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S3 Graphics Releases Linux Driver With OpenGL 3.0, VA-API

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  • #16
    Originally posted by Thunderbird View Post
    I haven't seen the drivers but judging by the GL string whether it supports 3.0 is wrong. Officially 3.0 should be reported when a opengl 3.0 capable glx context is created using GLX_ARB_create_context. That's the official way. Unfortunately Nvidia broke with that rule in a recent 180.x release likely for marketing reasons. If S3 supports GLX_ARB_create_context then they have OpenGL 3.0 support.

    I just checked their libGL.so and they do have GLX_ARB_create_context / glXCreateContextAttribsARB, so they really support OpenGL 3.0. Please update the article.
    @Michael, Thunderbird is right.

    My fglrx 9.2 doesn't report opengl 3.0 either with glx:
    OpenGL version string: 2.1.8494 Release

    But opengl 3.0 is certanly there.

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    • #17
      Wikipedia has the specs:

      Chrome 540 GTX 65nm 800Mhz core
      32 unified shaders 1700Mhz ram (850 gDDR3) 64bit bus

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      • #18
        Not that I would buy a S3 graphics card, but hey, at least they have something now.

        I just hope they recognize the value that is added to their hardware if the driver is opened up.

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        • #19
          They are not producting high-end 3D cards, why oh why don't they go for free drivers?

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          • #20
            Originally posted by tball View Post
            @Michael, Thunderbird is right.

            My fglrx 9.2 doesn't report opengl 3.0 either with glx:
            OpenGL version string: 2.1.8494 Release

            But opengl 3.0 is certanly there.
            The only reason nvidia changed the strings (which is actually very bad as when you don't use a opengl3 context you aren't using the real opengl3) is for marketing reasons. A new glxinfo would be needed.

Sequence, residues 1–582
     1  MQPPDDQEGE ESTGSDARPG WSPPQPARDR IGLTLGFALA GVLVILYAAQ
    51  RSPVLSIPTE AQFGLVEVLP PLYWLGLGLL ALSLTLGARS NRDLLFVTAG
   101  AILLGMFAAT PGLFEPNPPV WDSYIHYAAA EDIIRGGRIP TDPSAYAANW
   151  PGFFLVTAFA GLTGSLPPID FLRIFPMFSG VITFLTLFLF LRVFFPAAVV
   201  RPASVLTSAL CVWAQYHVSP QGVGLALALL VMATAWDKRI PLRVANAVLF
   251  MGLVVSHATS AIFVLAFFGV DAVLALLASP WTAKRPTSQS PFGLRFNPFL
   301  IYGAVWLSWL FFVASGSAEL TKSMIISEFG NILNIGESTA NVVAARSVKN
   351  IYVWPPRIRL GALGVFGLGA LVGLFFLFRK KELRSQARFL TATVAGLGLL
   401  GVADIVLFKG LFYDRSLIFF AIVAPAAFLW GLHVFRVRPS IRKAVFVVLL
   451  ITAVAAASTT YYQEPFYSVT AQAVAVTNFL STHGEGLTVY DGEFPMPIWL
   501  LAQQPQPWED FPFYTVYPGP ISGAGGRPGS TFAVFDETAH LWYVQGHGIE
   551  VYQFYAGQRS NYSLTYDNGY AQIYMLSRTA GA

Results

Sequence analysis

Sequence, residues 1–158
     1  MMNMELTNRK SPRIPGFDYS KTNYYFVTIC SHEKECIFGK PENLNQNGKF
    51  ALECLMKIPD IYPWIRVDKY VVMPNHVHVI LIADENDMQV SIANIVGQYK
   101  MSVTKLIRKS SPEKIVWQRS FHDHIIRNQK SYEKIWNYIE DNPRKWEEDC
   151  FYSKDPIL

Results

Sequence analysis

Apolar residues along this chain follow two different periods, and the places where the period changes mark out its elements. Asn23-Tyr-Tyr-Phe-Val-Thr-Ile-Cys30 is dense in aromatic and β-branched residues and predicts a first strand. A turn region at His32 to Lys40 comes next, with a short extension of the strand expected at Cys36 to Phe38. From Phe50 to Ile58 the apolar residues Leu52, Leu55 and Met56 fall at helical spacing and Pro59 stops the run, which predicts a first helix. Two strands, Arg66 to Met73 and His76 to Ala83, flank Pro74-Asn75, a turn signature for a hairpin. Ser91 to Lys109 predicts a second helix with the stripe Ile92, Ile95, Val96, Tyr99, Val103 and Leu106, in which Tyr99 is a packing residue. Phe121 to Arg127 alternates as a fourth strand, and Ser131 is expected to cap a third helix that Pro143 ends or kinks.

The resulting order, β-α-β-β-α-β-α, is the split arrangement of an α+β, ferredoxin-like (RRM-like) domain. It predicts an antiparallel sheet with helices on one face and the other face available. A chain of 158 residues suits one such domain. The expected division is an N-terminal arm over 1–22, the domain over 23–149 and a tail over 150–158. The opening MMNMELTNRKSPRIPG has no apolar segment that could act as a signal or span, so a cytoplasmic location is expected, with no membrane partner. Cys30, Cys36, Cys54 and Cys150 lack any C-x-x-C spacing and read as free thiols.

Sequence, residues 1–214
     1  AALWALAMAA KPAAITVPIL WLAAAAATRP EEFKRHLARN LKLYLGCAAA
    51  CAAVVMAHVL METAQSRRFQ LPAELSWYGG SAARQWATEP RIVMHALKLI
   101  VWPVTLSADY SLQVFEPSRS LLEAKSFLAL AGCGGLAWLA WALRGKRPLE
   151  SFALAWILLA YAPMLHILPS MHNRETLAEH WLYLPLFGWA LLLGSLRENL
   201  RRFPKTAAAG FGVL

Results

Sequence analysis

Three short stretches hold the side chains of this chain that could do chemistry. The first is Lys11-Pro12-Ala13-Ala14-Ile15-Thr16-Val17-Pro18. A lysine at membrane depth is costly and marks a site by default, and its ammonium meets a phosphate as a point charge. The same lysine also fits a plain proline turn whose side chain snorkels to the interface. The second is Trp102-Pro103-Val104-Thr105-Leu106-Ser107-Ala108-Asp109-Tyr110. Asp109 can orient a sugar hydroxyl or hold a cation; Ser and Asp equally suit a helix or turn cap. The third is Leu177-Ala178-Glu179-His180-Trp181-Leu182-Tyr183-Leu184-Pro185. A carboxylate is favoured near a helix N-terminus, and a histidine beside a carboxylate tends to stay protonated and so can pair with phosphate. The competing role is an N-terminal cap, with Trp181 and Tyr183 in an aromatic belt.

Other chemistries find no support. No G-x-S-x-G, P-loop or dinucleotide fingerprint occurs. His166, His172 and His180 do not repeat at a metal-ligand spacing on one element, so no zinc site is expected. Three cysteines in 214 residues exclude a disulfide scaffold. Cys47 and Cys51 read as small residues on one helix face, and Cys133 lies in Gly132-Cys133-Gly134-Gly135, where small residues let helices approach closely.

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            • #21
              Originally posted by nico342 View Post
              What's happen ATI ?
              ATI seems to be making progress. I checked out radeon hd code today from a git repo and it seemed to have some 3d support for my radeon 2600. If this extends to the r700 series too, I will absolutely buy an ati card in the price range of the chrome 540.. Hopefully one of those new rv740 based cards.

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              • #22
                for those that do want to buy:
                https://s3gstore.s3graphics.com/

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                • #23
                  Originally posted by Thunderbird View Post
                  The only reason nvidia changed the strings (which is actually very bad as when you don't use a opengl3 context you aren't using the real opengl3) is for marketing reasons. A new glxinfo would be needed.
                  So nvidia lied, that's it.

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                  • #24
                    Originally posted by kraftman View Post
                    So nvidia lied, that's it.
                    More like they are waiting for the foss to get their act together and update their supporting code to todays standards.

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                    • #25
                      Originally posted by sreyan View Post
                      ATI seems to be making progress. I checked out radeon hd code today from a git repo and it seemed to have some 3d support for my radeon 2600. If this extends to the r700 series too, I will absolutely buy an ati card in the price range of the chrome 540.. Hopefully one of those new rv740 based cards.
                      I just checked, within the price range of the 540 which will more then likely be seriously gimped out with only 64 bit memory, even though it comes with GDDR3 you can get either an AMD HD3850 or HD4670 or the Nvidia 9600GSO.